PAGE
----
Calumet Art Center offers art classes, builds community
Art's Corner by Miriam Pickens
The first-ever “Super Dog Sled Saturday in Calumet was on January 22. The free event for kids was combined with a fundraising Spaghetti Dinner at the Calumet Elks Lodge. Children got to experience “mushing” in Agassiz Park with a few racing teams and Michigan Tech Mushing Club students.
Calumet is really becoming a vibrant community! It’s so neat to see cool events, especially for local kids. The Calumet Art Center in the Big Green Church, on the South end of 5th Street, has been providing art classes for kids all summer, weaving classes, watercolor classes, and more. They just had a Valentine constructing class on January 29. It was really a cute project; the children each painted a large valentine framed with candy. All of their youth classes are free, while generous sponsors from the community guarantee that the teachers get paid for their work. Anyone can sponsor these children’s classes; just contact the Calumet Art Center for more information.
There are many adult art classes on offer at the center as well. Laura Hamlett has been teaching stained glass classes for many years, and these are very popular. Kristy Walden enjoys teaching Hand Building in Clay, and two classes are available. Blacksmithing with Kris Southerland is actually an indoor class, with a forge that keeps the fire contained so it is safe. Southerland has a studio called Copper Island Forge in Laurium, where he sells forged metal pieces, blown glass, and sharpens knives and scissors. There’s also a beginner painting class with Bobbi Shirey being offered this winter. There are private lessons as well—basket weaving by Lori Laurie as well as other classes in weaving and painting techniques by Donna Lenard, Clarence Fisher, and others.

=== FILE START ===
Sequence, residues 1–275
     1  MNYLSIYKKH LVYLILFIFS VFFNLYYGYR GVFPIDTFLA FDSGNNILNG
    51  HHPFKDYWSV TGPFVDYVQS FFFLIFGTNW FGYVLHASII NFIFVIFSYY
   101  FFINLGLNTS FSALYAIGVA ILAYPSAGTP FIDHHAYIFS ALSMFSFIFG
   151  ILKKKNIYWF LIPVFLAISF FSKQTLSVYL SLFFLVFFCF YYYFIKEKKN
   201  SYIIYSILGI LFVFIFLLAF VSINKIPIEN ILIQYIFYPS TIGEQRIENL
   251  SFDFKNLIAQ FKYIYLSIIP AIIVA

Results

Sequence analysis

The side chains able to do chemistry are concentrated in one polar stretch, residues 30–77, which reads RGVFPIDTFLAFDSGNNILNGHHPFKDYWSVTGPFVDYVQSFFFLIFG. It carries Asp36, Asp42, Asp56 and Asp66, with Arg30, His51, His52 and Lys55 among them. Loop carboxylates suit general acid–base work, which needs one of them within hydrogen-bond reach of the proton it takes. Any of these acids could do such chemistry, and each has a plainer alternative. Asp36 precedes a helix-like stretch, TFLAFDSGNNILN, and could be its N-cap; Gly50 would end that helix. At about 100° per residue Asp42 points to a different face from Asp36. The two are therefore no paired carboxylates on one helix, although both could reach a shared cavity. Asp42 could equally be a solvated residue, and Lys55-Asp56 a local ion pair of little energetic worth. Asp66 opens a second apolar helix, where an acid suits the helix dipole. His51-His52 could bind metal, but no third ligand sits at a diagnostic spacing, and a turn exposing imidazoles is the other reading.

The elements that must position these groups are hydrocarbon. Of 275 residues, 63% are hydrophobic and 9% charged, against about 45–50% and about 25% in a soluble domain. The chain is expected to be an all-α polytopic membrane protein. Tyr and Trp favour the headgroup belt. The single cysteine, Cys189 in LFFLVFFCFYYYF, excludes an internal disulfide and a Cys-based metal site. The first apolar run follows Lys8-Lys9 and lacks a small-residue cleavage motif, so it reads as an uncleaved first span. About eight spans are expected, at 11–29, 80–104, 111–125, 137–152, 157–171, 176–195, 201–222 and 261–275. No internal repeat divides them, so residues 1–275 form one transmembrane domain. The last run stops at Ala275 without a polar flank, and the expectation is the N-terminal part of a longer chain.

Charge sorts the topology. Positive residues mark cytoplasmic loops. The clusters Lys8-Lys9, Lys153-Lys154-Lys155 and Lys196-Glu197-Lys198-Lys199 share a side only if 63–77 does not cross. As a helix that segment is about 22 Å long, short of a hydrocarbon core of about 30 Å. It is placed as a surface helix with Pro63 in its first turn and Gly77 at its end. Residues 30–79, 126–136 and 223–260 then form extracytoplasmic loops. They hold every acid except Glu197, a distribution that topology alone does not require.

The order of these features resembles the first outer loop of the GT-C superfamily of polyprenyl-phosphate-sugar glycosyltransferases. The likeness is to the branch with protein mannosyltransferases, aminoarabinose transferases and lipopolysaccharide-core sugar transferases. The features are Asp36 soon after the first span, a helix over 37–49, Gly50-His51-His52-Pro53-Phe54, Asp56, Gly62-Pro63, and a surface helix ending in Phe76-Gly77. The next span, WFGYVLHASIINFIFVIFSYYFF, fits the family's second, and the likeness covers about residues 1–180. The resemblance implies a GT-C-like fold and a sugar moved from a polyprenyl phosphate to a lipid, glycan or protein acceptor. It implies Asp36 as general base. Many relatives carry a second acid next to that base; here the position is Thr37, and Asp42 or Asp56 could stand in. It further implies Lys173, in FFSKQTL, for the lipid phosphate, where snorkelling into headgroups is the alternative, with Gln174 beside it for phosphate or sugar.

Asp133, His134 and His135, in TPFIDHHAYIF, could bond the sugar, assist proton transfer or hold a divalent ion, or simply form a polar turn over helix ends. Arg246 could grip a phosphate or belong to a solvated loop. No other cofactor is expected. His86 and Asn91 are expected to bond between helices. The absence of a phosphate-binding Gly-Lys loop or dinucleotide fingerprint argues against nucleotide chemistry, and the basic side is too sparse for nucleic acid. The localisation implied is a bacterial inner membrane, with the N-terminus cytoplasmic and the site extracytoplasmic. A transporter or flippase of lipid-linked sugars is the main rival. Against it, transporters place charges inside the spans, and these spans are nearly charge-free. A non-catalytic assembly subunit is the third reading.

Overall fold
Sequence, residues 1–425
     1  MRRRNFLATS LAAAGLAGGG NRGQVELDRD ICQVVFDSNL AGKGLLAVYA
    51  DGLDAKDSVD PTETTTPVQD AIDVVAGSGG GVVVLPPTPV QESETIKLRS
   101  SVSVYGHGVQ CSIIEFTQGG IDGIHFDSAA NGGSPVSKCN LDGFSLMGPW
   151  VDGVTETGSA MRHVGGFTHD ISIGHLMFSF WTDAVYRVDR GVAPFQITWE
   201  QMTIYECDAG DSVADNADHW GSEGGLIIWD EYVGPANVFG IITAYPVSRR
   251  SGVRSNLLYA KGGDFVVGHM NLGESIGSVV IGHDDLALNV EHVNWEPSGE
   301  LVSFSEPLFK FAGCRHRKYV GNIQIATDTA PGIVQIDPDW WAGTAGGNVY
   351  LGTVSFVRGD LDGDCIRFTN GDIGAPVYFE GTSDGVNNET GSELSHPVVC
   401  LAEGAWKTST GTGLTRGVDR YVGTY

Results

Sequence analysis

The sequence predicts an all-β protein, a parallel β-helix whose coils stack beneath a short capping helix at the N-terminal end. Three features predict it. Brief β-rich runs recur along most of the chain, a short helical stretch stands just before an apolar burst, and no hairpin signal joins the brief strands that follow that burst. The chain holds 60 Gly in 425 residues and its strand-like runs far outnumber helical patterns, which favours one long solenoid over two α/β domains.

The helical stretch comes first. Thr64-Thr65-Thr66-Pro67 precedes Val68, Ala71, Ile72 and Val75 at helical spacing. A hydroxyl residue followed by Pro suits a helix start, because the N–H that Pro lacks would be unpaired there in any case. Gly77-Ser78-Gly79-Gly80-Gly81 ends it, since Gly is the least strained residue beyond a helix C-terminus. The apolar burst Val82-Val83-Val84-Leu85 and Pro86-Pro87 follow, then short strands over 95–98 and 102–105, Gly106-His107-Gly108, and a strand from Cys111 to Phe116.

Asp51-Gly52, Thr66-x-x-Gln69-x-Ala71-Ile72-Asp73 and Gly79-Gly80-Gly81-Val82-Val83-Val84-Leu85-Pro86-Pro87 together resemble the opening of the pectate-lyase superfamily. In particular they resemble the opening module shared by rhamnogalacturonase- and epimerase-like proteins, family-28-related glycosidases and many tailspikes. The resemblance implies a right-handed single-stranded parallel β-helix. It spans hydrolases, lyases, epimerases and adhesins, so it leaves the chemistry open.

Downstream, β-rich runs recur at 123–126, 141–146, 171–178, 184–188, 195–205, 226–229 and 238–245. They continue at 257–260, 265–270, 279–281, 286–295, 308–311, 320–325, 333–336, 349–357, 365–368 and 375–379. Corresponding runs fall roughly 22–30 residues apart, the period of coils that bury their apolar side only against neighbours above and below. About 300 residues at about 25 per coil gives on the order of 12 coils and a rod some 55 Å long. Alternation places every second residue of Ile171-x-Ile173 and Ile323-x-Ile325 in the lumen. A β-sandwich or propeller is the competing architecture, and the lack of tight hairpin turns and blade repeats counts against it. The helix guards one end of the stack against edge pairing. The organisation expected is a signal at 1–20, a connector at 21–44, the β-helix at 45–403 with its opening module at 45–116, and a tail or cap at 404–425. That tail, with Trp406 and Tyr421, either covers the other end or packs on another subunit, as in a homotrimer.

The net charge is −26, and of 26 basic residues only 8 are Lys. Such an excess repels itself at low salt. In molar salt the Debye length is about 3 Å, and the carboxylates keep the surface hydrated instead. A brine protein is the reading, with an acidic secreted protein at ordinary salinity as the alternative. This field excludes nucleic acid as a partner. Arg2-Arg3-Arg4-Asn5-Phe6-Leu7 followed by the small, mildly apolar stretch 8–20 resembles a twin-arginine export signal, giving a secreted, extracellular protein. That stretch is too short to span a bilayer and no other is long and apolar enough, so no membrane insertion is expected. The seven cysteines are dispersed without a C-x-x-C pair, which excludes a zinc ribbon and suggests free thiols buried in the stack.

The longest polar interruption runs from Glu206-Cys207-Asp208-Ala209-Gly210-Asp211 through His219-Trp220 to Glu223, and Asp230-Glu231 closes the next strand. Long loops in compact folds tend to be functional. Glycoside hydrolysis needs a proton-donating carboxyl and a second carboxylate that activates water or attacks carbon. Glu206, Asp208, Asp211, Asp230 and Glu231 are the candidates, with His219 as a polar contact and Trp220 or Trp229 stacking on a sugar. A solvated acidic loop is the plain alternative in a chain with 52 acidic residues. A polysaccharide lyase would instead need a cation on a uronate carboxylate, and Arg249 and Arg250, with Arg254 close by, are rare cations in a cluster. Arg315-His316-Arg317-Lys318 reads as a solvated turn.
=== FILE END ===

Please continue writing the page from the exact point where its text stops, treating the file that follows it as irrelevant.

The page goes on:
The “Spotlight Gallery”, on the main floor (lower level) of the Calumet Art Center is featuring art from local veterans this winter. The exhibit started on Veteran’s Day in November, and the participants wanted it to continue. Works by John Sullivan, Clyde Mikkola, Bill Wiard, and Dave Walli are featured.
The most exciting project right now is the planning of an addition to the building.
I spoke with Kristy Walden, board president, about it, and she said “We have started, as of January, to put together a building fund. We are working with an architect, and he is drawing up the plans. It’s a two-story ‘build-on’ that will have an elevator and a bathroom upstairs so that we are completely barrier-free for any classes or shows happening on either level. The addition will have specific classrooms for ceramics, painting, and weaving.”
This will be particularly nice since the goal of the Center is to be an active community center, with different classes occurring simultaneously so that they can serve the community more effectively. This addition will be on the south side of the building where the Rose Garden was, and most of these plants have already been donated. Funding will come primarily from grants, and there will be more information about this coming in the near future.
There is a lot happening at the Calumet Art Center. If you’re interested in purchasing art from local vendors, there will be a Valentine Market at the Center on February 12 from 10 a.m. to 4 p.m., and a “Welcoming Spring Market” on March 19. There is a mask requirement for these, in order to keep everyone safe. Walden commented that everyone has been really gracious about it, and there are masks available if a person forgets theirs.
I remember when the Calumet Art Center got started under the direction of the late Ed Gray, and the vision he had for a community center where the people of this area could have an accessible place to learn about culture, creativity, and community. One really special gift I remember was an “empty bowl” project to bring funds to local food banks. Café Rosetta, co-owned at the time by Patrick Wright, was one of the first to offer soup for the event. Michigan House did likewise. I was reminded of this in an article in Keweenaw Now from that year, which featured Susan Rokicki, delighted at the chance to glaze one of those bowls. Happy to be part of a creative project to make this world a better place.
Susan was a supporter of the arts, a musician, a teacher, an accompanist in schools, churches, and for the Pine Mountain Music Festival, and a really nice woman. She passed away after a long health struggle, on January 15.
I’m grateful for the connections I’ve been able to make through the Calumet Art District.